If the film were released today, viewers would no doubt bristle at how Sue is treated as a typical damsel in distress. When Mick Dundee dismisses her as a “sheila” who couldn’t survive five minutes in the outback without him, she’s offended and sets out on her own to prove him wrong … whereupon she is immediately attacked by a crocodile, is rescued by Dundee, and collapses weeping into his arms. Not very “woke,” as the kids say. (Note: just as a “shrimp on the barbie” reference indicates something is from the late ’80s, “woke” will someday be a signifier that something was written in 2016.) 

But the most cringe-inducing moment in the film is when Dundee is in a New York City bar and is being flirted with by Gwendoline, a biological man dressed as a woman. Here’s the scene. Note how it’s missing a line that is restored in the Blu-ray edition of the film: 

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Mick’s friend actually said: “That girl? She’s a guy! A man dressed up as a girl! A fag, for Christ’s sakes! I swear!” But even without the redacted line, it’s a pretty uncomfortable scene, culminating in the crotch-grab and the public humiliation of poor Gwendoline. Needless to say, if the film were made today, the situation would be handled (not a pun) differently. 

Like all fads, America’s Australia craze leveled off after a few years. Paul Hogan continued to act and do commercials, then revived the character for 2001’s Crocodile Dundee in Los Angeles, which did poorly. By then, the fictional Crocodile Dundee had been replaced in the public consciousness by an actual Crocodile Hunter, Steve Irwin … who probably owed his success to Aussie trailblazers like Paul Hogan. Crikey!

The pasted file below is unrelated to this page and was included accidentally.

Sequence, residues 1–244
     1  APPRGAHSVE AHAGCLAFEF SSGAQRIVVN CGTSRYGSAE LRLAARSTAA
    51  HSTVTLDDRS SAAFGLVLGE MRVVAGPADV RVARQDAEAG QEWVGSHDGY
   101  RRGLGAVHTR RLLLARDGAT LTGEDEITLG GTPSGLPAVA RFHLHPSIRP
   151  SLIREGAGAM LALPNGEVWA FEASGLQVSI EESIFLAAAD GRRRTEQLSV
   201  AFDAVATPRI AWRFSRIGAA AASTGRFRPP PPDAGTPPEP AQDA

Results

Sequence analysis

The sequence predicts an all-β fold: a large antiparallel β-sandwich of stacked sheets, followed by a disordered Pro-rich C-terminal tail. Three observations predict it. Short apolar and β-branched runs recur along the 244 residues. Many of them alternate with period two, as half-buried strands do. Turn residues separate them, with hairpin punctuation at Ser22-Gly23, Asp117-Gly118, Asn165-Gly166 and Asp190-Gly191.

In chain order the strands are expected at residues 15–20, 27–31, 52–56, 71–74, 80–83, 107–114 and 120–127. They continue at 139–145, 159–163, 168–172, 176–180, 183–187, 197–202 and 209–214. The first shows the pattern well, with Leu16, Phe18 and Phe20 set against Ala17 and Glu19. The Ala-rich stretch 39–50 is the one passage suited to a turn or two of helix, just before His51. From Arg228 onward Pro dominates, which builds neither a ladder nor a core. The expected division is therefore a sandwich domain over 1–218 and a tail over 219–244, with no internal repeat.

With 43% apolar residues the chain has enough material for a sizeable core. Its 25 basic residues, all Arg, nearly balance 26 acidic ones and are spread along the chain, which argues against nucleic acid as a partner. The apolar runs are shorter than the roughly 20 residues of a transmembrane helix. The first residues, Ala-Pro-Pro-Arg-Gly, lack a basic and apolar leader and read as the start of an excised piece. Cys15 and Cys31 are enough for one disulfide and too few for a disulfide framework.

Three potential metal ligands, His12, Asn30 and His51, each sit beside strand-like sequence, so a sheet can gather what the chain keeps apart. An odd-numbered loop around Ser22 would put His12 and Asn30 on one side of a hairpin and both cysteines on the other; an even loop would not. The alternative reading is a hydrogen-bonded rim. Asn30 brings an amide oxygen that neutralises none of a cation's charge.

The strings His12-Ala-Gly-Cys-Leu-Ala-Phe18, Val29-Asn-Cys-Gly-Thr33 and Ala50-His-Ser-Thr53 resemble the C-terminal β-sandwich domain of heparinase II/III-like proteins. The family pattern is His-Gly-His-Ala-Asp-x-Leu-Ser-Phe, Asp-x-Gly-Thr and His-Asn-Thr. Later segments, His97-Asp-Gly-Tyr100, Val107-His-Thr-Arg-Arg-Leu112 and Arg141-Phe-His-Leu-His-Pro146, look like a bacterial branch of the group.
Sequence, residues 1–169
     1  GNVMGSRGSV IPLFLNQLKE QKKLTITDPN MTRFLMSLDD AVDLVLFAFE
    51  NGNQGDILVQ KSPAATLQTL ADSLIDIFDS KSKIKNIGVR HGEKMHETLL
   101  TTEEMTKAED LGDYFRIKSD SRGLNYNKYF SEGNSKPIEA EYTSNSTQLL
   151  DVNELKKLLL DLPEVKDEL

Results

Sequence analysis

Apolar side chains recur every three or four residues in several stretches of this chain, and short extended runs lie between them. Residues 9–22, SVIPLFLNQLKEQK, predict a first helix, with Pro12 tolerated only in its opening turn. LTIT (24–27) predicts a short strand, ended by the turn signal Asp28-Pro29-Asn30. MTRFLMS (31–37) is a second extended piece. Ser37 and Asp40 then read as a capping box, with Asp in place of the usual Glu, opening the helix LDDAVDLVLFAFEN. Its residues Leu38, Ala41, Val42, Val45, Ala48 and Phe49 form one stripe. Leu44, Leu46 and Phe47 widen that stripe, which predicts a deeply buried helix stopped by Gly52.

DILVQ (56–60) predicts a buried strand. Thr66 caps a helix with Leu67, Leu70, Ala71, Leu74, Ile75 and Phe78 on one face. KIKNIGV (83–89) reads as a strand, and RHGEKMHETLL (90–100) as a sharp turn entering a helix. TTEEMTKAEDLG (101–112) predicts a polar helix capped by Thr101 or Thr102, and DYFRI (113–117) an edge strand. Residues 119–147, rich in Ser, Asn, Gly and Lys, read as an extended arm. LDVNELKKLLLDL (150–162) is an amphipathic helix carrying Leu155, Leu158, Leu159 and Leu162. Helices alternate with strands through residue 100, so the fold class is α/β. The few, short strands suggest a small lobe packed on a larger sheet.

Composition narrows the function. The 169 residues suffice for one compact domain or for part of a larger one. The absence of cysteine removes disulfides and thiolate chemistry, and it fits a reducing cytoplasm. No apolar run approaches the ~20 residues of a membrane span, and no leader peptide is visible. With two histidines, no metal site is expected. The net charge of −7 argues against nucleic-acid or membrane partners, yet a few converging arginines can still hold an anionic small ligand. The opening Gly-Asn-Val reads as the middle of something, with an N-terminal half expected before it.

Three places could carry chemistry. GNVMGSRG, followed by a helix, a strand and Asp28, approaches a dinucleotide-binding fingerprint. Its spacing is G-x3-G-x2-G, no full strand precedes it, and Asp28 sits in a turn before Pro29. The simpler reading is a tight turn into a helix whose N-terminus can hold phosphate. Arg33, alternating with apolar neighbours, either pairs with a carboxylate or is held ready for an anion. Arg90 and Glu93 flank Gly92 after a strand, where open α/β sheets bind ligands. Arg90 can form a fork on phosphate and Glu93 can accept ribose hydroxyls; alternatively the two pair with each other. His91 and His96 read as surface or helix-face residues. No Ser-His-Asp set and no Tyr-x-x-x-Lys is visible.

When Crocodile Dundee premiered, on Sept. 26, 1986…

– It was an easy, crowd-pleasing hit, landing in first place for the weekend with a box office haul three times the size of the second-place film’s. (That’d be Stand By Me, which had opened seven weeks earlier.) The rest of the multiplex was filled mostly with holdovers from the summer: Top Gun, The Boy Who Could Fly, The Karate Kid Part II, Ruthless People, The Fly, Nothing in Common, Aliens, and Back to School.

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– A little Chicago-based afternoon talk show called The Oprah Winfrey Show had premiered 18 days earlier. By the time it ended, 25 years later, every person in America had received a free car. 

– Another long-running show, The Phantom of the Opera, was set to premiere in London in two weeks. Thirty years later, it’s still running. They’ll catch that pesky Phantom someday!

– Among the new shows on TV that month: L.A. Law, ALF, Head of the Class, and Pee-wee’s Playhouse. Meanwhile, daytime game show Press Your Luck (“No whammies!”) had just been canceled after three years. 

– The baseball season was coming to an end, with the Red Sox and the Angels battling it out in the American League, the Mets and the Astros in the National. A few weeks later, the Mets would win the World Series thanks to a ground ball rolling through the legs of Boston’s Bill Buckner — an error so infamous even non-sports fans remember it. 

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– It was the 1980s, so the number one song in America was by Huey Lewis and the News — “Stuck with You,” specifically. Other big hits that week included “Take My Breath Away” by Berlin; “Don’t Forget Me (When I’m Gone)” by Glass Tiger; “Friends and Lovers” by Carl Anderson; and “Walk This Way” by Run-D.M.C.